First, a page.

Lawsuit Asks Removal Of Catholic Shrine (October 1997)

The Freedom From Religion Foundation, its Denver chapter and principal plaintiff Julie Wells, are asking for the removal of a Catholic shrine from Cherry Creek State Park in a lawsuit filed in U.S. District Court in Denver on September 23, 1997. Attorney Robert R. Tiernan is representing the plaintiffs. The shrine, a gazebo-like structure with seating, features religious plaques and photographs commemorating the 1993 visit of Pope John Paul II, who conducted a mass in the public park in connection with an event called “World Youth Day.” Plaques in the display use religious language and biblical quotations from Psalms and John. Prayer is depicted. The lawsuit charges that state funds helped to build and maintain the shrine and asks the federal court to order its removal with an accompanying order that its placement violates the First and Fourteenth Amendments to the U.S. Constitution. Named as defendants in the lawsuit are the State of Colorado, Colorado Department of Natural Resources, Colorado Board of Parks and Outdoor Recreation, and various state employees and board members. The lawsuit asks for court costs and attorney’s fees. Plaintiff Julie Wells regularly had used Cherry Creek Park for recreation and for walking her dog. Since the erection of the Catholic shrine, she has visited the park less frequently, using another entrance less convenient and less safe, to avoid the Catholic shrine. Tiernan’s repeated requests to state agencies asking for removal of the shrine met with stonewalling. “The display unmistakably promotes religion and entangles state and religion,” Tiernan said. “People who wish to pray or meditate in holy places should go to the church of their choice and leave this beautiful park free from religion.” The papal mass, which attracted hundreds of thousands, was protested in 1993, both on state/church separation grounds and because of its major damage to the environment and species living in the park. The expensive environmental restoration of the park has caused additional burden to Coloradans, who had to foot the bill for much of the Pope’s Colorado visit and security. “Anyone who has ever been to Colorado has to know how fragile the vegetation is,” said Anne Gaylor Foundation president. “If people don’t respect the separation of church and state, they should at least recognize that creating a Catholic shrine is tantamount to creating a religious mecca in this public park, with additional resulting environmental damage. If someone ‘seeing Jesus’ in a tortilla or in a water stain on a wall brings forth thousands of religionists, think what this papal shrine could draw!” Counter-Monument Lawsuit Filed In a second lawsuit filed recently in federal court in Denver, the Foundation and its Denver chapter seek a counter monument to the Ten Commandments monument now displayed on the Colorado statehouse lawn. Jeff Baysinger, director of the Denver chapter, is the principal plaintiff. The Foundation’s proposed monument, of polished granite and of a size and shape similar to the Ten Commandments, would read: “There are no gods, no devils, no angels, no heaven or hell. There is only our natural world. Religion is but myth and superstition that hardens hearts and enslaves minds.” The words appeared in a display in the Wisconsin Capitol in December, 1996, as a response to Christian ceremonies and displays there. This spring the State of Colorado, however, rejected the Foundation’s request to place a freethought monument beside the Ten Commandments monolith on state capitol grounds in Denver. “If state governments persist in promoting Christianity, then they must expect to have protests and should be prepared to accommodate other beliefs,” said Anne Gaylor, Foundation president.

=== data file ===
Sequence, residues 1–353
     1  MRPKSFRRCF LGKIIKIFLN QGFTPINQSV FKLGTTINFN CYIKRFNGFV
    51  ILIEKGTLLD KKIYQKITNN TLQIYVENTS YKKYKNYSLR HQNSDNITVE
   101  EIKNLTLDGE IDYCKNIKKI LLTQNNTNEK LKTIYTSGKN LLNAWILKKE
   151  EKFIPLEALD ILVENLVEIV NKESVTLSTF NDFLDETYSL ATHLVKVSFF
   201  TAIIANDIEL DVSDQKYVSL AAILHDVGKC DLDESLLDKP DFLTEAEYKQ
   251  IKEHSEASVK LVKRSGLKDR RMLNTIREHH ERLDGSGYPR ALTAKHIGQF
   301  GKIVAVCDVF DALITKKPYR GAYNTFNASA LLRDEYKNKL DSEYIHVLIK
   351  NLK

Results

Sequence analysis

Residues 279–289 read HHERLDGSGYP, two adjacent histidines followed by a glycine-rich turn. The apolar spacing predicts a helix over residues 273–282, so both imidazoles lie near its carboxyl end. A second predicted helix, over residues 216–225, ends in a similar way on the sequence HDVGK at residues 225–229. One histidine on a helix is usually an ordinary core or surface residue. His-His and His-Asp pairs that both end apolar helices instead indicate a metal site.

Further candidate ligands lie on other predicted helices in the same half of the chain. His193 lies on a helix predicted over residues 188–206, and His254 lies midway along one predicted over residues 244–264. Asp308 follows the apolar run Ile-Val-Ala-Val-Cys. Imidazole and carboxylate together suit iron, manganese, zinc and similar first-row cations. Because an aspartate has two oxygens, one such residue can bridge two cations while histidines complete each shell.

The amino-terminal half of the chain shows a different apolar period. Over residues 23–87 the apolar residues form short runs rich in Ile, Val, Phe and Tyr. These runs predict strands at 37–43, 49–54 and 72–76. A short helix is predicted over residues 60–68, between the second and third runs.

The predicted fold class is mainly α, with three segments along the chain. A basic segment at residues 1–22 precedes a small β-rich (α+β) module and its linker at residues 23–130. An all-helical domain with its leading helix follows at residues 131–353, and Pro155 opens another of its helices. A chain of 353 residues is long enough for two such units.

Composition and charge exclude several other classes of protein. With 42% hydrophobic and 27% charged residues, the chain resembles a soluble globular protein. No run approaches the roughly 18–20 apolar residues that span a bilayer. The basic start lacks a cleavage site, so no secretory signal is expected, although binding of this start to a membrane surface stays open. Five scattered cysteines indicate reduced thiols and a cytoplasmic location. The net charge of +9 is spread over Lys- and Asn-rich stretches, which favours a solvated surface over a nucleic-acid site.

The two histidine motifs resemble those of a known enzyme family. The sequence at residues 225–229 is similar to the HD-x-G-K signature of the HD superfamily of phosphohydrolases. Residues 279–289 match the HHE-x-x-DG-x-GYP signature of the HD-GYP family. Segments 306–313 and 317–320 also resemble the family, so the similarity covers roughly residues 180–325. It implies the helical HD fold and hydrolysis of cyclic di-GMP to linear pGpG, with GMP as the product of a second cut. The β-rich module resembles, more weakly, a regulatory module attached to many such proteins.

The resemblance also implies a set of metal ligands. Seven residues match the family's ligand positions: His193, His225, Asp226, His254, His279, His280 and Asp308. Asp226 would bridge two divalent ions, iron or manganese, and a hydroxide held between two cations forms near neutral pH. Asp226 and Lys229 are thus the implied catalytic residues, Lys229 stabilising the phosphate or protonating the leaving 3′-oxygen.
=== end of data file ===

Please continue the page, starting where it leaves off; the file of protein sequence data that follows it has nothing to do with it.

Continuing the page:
Freedom From Religion Foundation